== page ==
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Abstract

 

This article in SSSAJ

  1. Vol. 46 No. 6, p. 1168-1173
     
    Received: Feb 26, 1982
    Accepted: June 18, 1982


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doi:10.2136/sssaj1982.03615995004600060010x

Denitrification in No-Till and Plowed Soils1

  1. Charles W. Rice and
  2. M. Scott Smith2

Abstract

Abstract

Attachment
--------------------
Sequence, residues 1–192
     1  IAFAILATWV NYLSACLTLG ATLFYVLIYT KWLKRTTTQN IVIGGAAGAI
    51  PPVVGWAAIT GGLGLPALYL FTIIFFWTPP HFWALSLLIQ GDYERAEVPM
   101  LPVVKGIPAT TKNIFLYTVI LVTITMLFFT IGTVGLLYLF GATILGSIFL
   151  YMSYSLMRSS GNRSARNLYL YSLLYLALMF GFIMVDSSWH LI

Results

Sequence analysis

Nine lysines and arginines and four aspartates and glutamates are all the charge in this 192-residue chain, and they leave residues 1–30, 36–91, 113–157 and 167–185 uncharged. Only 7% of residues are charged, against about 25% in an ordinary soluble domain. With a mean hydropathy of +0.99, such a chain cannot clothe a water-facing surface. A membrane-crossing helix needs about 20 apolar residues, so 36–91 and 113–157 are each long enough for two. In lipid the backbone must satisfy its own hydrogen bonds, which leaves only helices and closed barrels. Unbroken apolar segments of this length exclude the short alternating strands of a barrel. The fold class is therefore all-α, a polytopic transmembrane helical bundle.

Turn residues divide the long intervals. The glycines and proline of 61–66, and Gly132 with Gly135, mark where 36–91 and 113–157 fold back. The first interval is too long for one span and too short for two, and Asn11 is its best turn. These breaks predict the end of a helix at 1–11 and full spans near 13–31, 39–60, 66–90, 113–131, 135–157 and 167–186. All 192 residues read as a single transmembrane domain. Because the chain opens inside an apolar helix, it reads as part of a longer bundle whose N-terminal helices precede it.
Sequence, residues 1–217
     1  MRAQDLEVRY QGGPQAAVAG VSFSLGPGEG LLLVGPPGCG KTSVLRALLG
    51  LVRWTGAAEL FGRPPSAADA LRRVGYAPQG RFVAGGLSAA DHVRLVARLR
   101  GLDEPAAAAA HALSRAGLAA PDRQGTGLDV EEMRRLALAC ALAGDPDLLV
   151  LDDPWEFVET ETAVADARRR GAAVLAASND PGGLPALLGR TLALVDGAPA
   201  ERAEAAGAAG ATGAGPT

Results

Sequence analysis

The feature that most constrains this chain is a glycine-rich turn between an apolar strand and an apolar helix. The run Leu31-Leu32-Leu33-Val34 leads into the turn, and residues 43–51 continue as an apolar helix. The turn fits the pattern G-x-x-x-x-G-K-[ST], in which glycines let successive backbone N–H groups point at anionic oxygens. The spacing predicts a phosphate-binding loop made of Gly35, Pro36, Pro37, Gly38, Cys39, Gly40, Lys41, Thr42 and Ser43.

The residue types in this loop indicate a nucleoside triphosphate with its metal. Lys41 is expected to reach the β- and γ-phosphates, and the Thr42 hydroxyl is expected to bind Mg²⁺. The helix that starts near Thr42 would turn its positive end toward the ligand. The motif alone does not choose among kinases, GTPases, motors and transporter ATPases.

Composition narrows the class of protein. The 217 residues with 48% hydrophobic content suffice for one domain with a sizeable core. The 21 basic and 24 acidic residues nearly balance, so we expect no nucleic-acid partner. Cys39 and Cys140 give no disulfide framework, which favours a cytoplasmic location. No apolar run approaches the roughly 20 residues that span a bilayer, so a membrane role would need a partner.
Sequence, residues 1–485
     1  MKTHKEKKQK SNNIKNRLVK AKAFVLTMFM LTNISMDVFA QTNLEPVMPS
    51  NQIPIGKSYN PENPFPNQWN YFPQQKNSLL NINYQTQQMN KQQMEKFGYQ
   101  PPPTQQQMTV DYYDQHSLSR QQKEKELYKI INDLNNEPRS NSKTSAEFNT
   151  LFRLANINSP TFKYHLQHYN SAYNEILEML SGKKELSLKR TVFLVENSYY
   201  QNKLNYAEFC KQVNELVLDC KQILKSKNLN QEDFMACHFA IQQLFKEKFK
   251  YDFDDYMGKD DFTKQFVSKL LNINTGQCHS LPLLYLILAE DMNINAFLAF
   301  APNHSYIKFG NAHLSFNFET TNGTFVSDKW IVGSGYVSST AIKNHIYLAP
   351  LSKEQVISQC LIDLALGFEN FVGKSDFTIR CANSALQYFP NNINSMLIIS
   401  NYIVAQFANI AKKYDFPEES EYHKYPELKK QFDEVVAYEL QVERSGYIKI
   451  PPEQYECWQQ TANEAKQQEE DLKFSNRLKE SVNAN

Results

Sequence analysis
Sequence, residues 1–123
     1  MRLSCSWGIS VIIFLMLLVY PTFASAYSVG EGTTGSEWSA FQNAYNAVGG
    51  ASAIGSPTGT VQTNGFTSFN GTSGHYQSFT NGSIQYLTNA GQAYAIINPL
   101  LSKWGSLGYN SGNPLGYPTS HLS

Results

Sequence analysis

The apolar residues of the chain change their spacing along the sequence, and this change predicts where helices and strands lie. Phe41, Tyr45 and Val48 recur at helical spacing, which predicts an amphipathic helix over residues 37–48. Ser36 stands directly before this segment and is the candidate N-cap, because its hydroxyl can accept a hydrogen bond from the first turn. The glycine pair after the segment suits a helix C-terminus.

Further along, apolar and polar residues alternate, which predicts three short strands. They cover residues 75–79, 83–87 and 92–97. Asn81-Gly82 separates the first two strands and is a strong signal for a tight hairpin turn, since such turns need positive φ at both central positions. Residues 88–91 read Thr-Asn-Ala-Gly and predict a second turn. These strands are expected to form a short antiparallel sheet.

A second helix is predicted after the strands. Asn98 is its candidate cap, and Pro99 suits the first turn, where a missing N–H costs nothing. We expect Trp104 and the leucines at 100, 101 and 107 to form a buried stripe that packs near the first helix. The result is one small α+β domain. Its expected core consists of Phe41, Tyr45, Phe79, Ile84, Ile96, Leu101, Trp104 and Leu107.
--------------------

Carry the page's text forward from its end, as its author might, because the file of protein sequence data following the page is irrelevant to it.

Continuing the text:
No-till and plowed soils were compared with regard to denitrifying activity. To assay denitrification with minimal physical disruption of the soil, an important consideration in the study of tillage effects, a procedure was developed employing acetylene (C2H2) inhibition of nitrous oxide (N2O) reduction in intact soil cores. This approach and a short-term, anaerobic soil slurry assay were consistent in indicating greater denitrifying activity in no-till than in plowed Maury silt loam soil. In the intact core assay, ratios of no-till to plowed soil activity were >1 on all sampling dates, and were as high as 77. Intact cores from a Crider (Typic Paleudalfs) soil showed a similar tillage effect, but tillage had inconsistent effects on both soil water content and denitrifying activity in a Tilsit (Typic Fragiudults) soil. It is suggested that the generally higher soil moisture contents observed in no-till soils, rather than tillage per se, are primarily responsible for higher denitrifying activity. Enhanced denitrification may account, in part, for the lower soil NO-3 concentrations and higher N fertilizer requirements sometimes reported for no-till soils.

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